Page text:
is the contrast between what is expected or what appears to be and what actually is.
The contrast between what is said and what is actually meant.
- This refers to a happening that is the opposite of what is expected or intended.
- This occurs when the audience or reader knows more than the characters know.
-is one kind of irony; -it is praise which is really an insult; -sarcasm generally involves malice, the desire to put someone down, e.g., "This is my brilliant son, who failed out of college.
-is making fun of something -is the exposure of the vices or follies of an individual, a group, an institution, -an idea, a society, etc., usually with a view to correcting it. Satirists frequently use irony.
a widely held but fixed and oversimplified image or idea of a particular type of person or thing.
Use of a simple object to stand for a larger concept or idea. Examples: • peace - dove, olive branch, victory sign. • United States - Uncle Sam, flag, stars and stripes, shield. • Democrats - donkey. • Republicans - elephant. • money - dollar bill or dollar sign.
a reference to a famous or important person, place, thing, or work of literature
Comparison between two unlike things that share a common characteristic
is an obvious and unrealistic exaggeration: - "He was frightened out of his wits."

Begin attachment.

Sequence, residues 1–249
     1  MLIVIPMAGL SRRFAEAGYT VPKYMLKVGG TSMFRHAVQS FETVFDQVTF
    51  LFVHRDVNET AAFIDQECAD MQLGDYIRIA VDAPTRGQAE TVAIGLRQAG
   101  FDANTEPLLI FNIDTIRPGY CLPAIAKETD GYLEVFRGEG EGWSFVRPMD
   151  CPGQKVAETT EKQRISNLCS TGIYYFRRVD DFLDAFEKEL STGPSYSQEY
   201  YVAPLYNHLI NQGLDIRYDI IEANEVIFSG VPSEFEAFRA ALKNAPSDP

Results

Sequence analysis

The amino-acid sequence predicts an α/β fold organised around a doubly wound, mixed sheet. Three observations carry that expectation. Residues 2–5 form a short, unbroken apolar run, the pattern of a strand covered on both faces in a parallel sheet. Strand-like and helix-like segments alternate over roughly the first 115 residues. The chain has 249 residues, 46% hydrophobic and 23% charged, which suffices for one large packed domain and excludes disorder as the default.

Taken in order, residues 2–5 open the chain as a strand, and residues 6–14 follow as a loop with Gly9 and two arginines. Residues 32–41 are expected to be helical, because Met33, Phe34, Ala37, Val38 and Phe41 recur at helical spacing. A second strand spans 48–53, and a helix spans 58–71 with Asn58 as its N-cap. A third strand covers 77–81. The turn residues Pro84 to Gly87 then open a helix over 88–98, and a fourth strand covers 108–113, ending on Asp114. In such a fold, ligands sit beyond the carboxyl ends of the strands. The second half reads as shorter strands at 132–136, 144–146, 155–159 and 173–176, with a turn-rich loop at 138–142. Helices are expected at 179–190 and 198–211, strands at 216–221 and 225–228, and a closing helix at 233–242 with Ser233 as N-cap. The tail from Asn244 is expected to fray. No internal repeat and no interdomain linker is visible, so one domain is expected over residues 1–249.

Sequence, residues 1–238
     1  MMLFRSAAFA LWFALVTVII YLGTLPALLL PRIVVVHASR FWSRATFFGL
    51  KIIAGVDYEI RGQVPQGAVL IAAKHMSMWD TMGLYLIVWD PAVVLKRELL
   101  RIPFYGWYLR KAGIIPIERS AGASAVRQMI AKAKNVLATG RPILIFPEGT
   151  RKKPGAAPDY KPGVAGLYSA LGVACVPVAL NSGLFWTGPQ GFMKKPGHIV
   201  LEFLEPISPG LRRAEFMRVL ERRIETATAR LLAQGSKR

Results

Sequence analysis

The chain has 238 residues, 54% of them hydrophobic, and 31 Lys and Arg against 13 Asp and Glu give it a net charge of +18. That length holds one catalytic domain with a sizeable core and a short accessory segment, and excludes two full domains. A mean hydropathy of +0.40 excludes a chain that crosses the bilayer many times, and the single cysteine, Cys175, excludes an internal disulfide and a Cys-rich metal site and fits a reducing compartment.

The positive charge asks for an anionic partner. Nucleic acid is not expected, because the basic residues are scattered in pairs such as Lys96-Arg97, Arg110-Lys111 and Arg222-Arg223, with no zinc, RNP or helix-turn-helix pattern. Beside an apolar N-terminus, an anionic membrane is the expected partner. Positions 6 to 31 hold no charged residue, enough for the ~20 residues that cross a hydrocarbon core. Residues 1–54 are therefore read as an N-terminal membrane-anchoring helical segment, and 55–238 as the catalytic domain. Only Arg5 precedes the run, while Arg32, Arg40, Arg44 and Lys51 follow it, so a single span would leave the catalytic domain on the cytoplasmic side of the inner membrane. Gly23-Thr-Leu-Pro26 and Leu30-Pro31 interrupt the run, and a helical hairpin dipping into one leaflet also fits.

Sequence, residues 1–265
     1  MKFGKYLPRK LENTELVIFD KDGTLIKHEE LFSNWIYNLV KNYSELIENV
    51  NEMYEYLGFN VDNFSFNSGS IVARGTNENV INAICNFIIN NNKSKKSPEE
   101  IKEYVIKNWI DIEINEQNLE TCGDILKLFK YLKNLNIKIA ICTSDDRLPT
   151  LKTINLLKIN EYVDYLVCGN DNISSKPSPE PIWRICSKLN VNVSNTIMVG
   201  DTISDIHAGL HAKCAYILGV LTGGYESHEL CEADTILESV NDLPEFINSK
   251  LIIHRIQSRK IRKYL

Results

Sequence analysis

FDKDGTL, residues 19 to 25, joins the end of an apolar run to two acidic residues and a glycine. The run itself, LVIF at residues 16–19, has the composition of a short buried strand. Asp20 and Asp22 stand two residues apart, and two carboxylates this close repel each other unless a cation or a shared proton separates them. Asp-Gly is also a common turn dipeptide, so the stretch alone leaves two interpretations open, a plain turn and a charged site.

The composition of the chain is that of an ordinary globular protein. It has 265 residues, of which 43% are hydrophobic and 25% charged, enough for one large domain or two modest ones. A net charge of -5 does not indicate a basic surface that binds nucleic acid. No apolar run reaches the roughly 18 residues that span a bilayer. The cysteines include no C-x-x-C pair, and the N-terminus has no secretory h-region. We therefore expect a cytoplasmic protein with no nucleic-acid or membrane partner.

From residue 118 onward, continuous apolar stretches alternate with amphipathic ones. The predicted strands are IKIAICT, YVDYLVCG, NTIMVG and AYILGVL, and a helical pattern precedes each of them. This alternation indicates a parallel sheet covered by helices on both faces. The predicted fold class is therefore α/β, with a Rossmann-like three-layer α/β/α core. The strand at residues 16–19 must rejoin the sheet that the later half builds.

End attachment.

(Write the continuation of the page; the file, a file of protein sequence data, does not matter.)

exaggeration in cartoons
Overdo the physical characteristics of people or things in order to make a point. Sometimes cartoonists overdo, or exaggerate, the physical characteristics of people or things in order to make a point.
exaggerating a physical feature or habit: big nose, bushy eyebrows, large ears, baldness.
is the opposite of hyperbole: "It isn't very serious. I have this tiny little tumor on the brain." —J.D. Salinger, The Catcher in the Rye the representation of something as less than it really is, for ironic effect. Example: The government needs to address the small problem of poverty.
Identify an object or person to make it clear exactly what it stands for • Cartoonists often label objects or people to make it clear exactly what they stand for. • Watch out for the different labels that appear in a cartoon, and ask yourself why the cartoonist chose to label that particular person or object. • Does the label make the meaning of the object more clear?
A pun is a variety of a usually humorous play on words involving -the multiple meanings of an expression, or -two expressions that sound similar.